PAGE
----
According to a recent report by Forrester Research, only one-third of businesses have a clearly defined mobile strategy. However, the research also showed that 70% of firms will increase their mobile budget, with one in four companies doubling or tripling their mobile budget. Firms said they see mobility as a way to increase customer engagement, satisfaction, and loyalty – not as a way to generate direct revenues. Over half (52% of firms) see increasing customer engagement as their number one mobile goal.  So what is going to drive the adoption of mobile solutions in 2014 and beyond?

Research suggests that giving users access to business applications and business processes is the key area that will drive adoption of mobile devices in small and medium-size businesses – this is really where the next wave of adoption will be seen. Mobile e-mail and calendaring are currently the main uses of mobile devices, but once end users have access to their line of business applications, such as those from SAP, businesses will really begin to see a return on investment from equipping their people with Apple iPads and iPhones as well as other mobile devices from vendors such as Microsoft and RIM. Already users of the SAP® Business One application, the SAP application for small and midsize businesses, can have access to these solutions: SAP offers the mobile application for SAP Business One as a free download from the Apple App Store for professional users of SAP Business One. Access to workflow approvals, customer data, and inventory information, as well as rich graphical reporting from the SAP Crystal Reports® family of offerings, are all features of the new mobile application. When small and midsize organizations combine this access with the use of  mobile business intelligence tools from the SAP BusinessObjects™ portfolio, they can really begin to profit from these devices.

For more information about SAP Business One and the mobile application, please contact Ashley Harvey at Zerion360 | ashley.harvey@zerion360.com.


Connections with Ashley: How Technology is Changing Customer Service

Ashley Harvey | Marketing Manager | Zerion360

Technology has been making business processes across the board better connected and more efficient – customer service is no different. Tech trends have enabled businesses to become better connected to their employees, their products, and their customers. Better connectivity means better communication – which is vital in customer service.

Tech Influence #1: Speed and Ease of Accessibility to Information Your Team Needs: Customer service reps are now better equipped than ever to problem solve. With business management systems, cloud hosting, and a variety of other services – customer service reps are now able to have the information they need all stored in a central database. This allows them to easily search for any issues a customer might have, and also find the necessary information not only about the problem but also the correct steps to fix it. Having this information recorded and accessible also means you’ll more easily see customer service patterns that arise and be able to make necessary changes before there’s ever an issue to resolve.

Tech Influence #2: Better Connected to Your Customers: We’ve already discussed how social media has changed the customer service landscape in our previous blog, but that’s just one of the ways tech has us better connected to our customers. Live chats on websites, utilizing SMS and more are all viable customer service channels. The way consumers are using technology has changed and businesses should reflect these trends. Mobility is a big game changer – especially in customer service. Giving clients the ability to access mobile friendly sites or having an SMS service in place that allows them to fire of a text quickly to get in touch with your team are great ways to incorporate this into your customer service model. The point is technology has enabled our customers to feel better connected to us – if there’s a problem they can get in contact with someone quickly and via the most convenient channel to them.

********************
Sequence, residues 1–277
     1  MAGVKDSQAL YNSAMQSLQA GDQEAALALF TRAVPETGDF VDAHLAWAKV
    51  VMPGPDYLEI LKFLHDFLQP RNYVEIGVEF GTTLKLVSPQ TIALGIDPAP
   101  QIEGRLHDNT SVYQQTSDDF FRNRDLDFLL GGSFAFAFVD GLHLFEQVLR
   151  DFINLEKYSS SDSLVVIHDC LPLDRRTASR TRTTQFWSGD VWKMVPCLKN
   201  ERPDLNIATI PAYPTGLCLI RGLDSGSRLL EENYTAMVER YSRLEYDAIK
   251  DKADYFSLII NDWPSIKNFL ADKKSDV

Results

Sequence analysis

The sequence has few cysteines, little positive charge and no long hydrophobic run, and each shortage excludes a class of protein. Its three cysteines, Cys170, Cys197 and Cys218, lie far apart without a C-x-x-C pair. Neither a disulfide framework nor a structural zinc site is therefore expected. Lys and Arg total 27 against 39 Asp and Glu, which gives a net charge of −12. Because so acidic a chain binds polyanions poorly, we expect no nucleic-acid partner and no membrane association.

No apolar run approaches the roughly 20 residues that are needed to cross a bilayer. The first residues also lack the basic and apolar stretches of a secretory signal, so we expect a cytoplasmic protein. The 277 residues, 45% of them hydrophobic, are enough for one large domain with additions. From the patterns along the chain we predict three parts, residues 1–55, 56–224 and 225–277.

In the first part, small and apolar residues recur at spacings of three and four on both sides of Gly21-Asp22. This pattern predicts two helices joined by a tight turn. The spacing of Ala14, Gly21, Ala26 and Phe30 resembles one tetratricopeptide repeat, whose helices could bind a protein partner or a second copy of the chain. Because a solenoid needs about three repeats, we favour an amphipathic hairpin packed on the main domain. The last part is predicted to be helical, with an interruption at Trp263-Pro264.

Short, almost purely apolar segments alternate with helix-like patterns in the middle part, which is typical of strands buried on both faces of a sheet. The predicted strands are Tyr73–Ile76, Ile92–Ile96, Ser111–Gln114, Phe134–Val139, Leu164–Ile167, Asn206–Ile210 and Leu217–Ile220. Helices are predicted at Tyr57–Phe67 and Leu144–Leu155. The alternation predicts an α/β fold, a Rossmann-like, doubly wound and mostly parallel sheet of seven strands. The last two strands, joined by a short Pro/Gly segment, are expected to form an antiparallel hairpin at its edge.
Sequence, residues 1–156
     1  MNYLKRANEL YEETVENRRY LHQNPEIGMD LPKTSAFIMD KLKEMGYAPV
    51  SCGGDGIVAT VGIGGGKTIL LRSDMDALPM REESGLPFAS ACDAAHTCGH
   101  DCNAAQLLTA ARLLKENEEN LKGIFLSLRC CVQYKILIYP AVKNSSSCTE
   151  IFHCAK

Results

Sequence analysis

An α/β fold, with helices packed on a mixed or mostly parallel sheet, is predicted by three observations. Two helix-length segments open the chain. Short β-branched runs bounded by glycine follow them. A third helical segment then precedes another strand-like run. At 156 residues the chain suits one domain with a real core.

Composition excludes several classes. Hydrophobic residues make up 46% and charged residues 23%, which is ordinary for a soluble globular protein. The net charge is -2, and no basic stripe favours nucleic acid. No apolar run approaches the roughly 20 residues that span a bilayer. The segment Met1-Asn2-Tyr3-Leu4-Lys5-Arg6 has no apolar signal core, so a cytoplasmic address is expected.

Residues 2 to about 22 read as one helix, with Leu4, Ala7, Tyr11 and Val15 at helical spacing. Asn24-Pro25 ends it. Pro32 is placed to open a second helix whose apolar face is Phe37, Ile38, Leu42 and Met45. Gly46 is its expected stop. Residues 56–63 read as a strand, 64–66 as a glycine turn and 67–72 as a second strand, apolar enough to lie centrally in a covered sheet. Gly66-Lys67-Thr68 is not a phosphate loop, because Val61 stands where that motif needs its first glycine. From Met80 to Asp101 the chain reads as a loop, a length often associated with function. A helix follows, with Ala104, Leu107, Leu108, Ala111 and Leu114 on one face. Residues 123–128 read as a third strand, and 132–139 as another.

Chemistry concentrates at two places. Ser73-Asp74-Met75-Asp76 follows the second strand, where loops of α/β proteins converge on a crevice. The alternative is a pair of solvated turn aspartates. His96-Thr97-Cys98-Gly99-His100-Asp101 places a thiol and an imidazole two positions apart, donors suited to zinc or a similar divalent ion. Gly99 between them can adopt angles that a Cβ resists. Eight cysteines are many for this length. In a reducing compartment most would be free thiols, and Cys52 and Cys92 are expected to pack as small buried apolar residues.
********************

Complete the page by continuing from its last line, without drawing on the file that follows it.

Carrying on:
Tech Influence #3: Customer Input: Tech has evolved the traditional roles of customer interaction. Companies are now harnessing co-creating with customers. This allows customers to be a part of the overall business process –  being able to provide feedback on products and services, sometimes even before they hit the market. Some companies are even creating online communities that allow customers and clients to directly participate with the decisions and success of products. Take for example product invention and design company, Quirky. They use web based social communities to create an environment where consumers can be actively a part of choosing products that will go into production and having a say about product aesthetics. Customer input doesn’t have to be this expansive – but creating a way for your customers to provide feedback and feel like they are a part of your brand community is a big part of customer service.

Technology has enabled us to meet our customer where they are, build better customer communities, and have better access to data and analytics. Like all interactions with our customers – technology has made it easier but we need to remember to make it human. At the heart of the tech revolution in customer service and the changing business landscape is still human interaction. Being genuine and a quick problem solver are and will remain key components to excellent customer service.


Connections With Ashley: Marketing Best Practices for the New Year

Ashley Harvey | Marketing Manager | Zerion360

One of the reasons I personally love the field of marketing is that it is ever changing. Especially for small business. Marketing in 2014 will continue to shift in response to big data, technology, and how consumers respond to content and branding. I’ve compiled a list of the key elements that I believe are going to be big players for marketing in the new year.